Functionalism is a way by which mental states are identified according to what they do instead of what they are made of. Similarly, in the Turing test, questions are asked and then determined whether the answers are given by computer or human being (Turing, 114). It is a game of three persons, a male, female and interrogator who is either sex. The interrogator stays in a different room and ask questions and tell whether either male or female
answer the problem.
Other tests contradict this kind of analysis. For example, the Chinese room is meant to show that the Turing test is incapable of determining consciousness even if the room can behave in a conscious way (Turing, 146). This example also contradicts functionalism as mental states cannot be defined by what they do because this is not the best way of determining the mental state. Although functionalism is convincing, it is difficult to overcome the problem of determination of mental state by what they do as this is the basis of its argument.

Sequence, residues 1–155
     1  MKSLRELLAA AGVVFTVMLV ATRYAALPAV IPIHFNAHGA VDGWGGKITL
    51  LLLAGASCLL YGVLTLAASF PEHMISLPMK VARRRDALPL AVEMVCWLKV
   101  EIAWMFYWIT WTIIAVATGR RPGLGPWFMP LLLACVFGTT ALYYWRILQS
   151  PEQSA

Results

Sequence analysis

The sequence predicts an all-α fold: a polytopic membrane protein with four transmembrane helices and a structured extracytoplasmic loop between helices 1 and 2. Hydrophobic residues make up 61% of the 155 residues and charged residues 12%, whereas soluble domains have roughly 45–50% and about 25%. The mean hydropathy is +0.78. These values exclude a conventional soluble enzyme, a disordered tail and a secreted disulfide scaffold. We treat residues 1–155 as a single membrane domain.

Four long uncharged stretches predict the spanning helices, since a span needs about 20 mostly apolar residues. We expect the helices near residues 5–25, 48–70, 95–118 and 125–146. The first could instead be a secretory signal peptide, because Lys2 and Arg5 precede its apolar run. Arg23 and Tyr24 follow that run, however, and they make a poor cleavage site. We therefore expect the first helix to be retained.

The main argument for functionalism is the behaviorist theory. Functionalism believes that the mental state is an internal state of the thinking creatures. However, this is contradicted by behaviorist that understands that the external environment can also control mental state. In their argument, objects in the environment can also influence a person’s way of thinking.
In conclusion, functionalism is a way by which the internal functioning of a person controls mental states. The internal states determine a person’s way of thinking and makes a person behave differently. The Turing test supports this, but it is contradicted by the Chinese room argument that Turing test cannot tell the consciousness of a room even if the room behaves consciously. Further, behaviorist theory also contradicts the functionalism theory as it states that thinking capabilities of creatures are also affected by external factors.
Turing, Alan M. “Computing machinery and intelligence.” Parsing the Turing Test. Springer, Dordrecht, 2009. 114-148.